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Price hike for high schools offering college courses draws criticism

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A price hike for high schools offering college courses is drawing criticism from some school leaders.

Campuses in the Minnesota State Colleges and Universities system currently charge districts varying fees to cover the cost of course administration and faculty advisers for high school teachers.

Under the new plan, two-year colleges will charge high schools $3,000 per course, and four-year schools will charge $3,300 per course with the option to increase fees for classes over 30 students. That's a doubling of fees at four of MnSCU's programs.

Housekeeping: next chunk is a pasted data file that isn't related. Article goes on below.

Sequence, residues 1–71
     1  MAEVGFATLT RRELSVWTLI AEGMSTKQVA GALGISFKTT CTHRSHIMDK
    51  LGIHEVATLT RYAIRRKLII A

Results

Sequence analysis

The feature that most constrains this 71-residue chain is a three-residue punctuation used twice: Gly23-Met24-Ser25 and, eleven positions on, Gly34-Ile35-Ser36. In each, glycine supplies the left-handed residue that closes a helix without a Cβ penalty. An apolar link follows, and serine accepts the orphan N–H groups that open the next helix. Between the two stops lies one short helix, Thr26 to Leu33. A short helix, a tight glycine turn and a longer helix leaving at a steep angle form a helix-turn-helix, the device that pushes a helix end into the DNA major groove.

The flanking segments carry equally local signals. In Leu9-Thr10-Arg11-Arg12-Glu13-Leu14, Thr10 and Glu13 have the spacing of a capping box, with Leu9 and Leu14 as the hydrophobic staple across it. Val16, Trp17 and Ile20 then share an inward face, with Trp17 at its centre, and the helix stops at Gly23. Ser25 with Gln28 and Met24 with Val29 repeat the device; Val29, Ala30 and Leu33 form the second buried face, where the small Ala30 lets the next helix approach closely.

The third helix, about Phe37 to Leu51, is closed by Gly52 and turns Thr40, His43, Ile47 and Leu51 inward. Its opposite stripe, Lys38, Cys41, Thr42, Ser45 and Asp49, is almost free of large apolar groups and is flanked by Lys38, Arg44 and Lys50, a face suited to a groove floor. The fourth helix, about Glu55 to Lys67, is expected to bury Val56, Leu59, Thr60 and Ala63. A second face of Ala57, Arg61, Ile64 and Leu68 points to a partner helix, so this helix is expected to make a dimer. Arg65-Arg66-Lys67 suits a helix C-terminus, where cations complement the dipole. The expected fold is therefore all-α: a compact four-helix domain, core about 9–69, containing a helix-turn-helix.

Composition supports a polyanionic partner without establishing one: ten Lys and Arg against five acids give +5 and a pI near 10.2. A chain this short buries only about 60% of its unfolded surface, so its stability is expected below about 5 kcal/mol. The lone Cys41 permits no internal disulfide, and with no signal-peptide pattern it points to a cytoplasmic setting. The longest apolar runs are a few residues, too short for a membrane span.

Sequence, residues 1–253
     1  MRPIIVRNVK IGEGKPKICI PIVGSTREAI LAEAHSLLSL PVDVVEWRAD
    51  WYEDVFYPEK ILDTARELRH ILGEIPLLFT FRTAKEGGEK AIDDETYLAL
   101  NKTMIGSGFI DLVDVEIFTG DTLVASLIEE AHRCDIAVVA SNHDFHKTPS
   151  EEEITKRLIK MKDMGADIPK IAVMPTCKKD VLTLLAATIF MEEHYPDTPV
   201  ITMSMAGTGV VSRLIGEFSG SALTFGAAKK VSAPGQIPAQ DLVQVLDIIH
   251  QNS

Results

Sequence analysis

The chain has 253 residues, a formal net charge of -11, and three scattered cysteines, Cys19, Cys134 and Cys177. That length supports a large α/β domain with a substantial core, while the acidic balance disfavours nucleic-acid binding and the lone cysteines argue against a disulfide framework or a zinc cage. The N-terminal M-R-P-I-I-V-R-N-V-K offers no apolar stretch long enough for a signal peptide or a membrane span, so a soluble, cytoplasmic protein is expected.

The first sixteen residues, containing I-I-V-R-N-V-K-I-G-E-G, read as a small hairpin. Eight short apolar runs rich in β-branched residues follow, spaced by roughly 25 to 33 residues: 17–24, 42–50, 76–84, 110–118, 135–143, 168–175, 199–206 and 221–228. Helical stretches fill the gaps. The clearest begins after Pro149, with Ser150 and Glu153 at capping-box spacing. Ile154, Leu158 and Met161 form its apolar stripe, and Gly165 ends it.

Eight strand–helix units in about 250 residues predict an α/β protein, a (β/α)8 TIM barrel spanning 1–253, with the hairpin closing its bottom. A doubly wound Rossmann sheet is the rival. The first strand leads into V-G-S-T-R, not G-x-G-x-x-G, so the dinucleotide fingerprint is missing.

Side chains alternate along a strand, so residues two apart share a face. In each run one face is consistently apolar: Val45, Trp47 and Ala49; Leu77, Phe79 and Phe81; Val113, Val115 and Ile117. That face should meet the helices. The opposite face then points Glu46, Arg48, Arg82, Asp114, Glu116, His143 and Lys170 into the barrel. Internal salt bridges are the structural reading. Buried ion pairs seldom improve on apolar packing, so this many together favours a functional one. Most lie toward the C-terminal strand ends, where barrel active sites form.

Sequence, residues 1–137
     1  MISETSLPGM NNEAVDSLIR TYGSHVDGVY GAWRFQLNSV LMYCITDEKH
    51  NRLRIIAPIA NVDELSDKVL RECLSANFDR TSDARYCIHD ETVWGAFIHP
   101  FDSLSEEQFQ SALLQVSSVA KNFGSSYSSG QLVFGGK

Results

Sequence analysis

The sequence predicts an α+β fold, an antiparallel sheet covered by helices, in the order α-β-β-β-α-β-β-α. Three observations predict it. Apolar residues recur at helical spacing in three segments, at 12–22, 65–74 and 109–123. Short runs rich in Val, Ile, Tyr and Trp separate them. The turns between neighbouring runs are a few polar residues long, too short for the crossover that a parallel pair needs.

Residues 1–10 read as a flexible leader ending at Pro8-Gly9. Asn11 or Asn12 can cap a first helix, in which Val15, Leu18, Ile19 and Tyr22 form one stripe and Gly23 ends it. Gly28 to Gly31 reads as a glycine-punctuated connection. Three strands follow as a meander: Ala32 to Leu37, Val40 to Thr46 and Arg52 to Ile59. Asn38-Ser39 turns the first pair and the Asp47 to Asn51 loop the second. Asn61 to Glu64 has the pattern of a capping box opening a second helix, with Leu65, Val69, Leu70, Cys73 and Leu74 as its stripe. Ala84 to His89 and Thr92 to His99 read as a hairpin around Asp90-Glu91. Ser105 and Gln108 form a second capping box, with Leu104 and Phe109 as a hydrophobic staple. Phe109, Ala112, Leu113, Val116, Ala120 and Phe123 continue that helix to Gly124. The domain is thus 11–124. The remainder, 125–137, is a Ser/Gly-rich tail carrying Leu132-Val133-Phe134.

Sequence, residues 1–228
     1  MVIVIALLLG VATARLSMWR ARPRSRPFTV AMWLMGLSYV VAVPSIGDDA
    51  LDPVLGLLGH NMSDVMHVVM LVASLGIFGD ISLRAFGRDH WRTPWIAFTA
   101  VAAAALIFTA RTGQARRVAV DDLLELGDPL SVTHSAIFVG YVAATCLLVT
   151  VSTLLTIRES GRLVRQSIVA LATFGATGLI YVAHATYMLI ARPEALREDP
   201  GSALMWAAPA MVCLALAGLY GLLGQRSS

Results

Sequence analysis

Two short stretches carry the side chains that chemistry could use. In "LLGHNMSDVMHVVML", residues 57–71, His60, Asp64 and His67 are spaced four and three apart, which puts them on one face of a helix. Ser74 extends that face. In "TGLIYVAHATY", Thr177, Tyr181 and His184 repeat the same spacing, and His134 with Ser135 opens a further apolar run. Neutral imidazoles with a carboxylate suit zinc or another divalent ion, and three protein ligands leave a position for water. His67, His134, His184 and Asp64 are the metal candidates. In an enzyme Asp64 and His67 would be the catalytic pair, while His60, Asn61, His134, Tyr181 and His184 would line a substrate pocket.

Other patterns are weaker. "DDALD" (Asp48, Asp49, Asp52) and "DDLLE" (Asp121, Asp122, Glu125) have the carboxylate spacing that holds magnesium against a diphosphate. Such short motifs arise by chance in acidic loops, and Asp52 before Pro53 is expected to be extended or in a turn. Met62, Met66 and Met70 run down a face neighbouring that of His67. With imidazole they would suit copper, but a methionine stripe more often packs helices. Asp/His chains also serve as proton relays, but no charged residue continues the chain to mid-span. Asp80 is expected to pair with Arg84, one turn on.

A group of advocacy organizations and school leaders protested the changes in a recent letter to MnSCU. 

"This may not make all that much of a difference if they can seat 30 students, let's say, in a class," said Malik Bush of the Center for School Change. "But for small districts and charter schools this is a huge difference and may make it so they can't offer certain course." 

MnSCU Vice Chancellor Ron Anderson says costs for the courses are outstripping revenue at some colleges and universities, so campuses need the increase.

"It makes good sense for what we need to do so that we can really develop the programs and grow them the way that we need to without having to subsidize them and take away from other educational opportunities," Anderson said.

The new fees will be phased in starting in fiscal year 2018.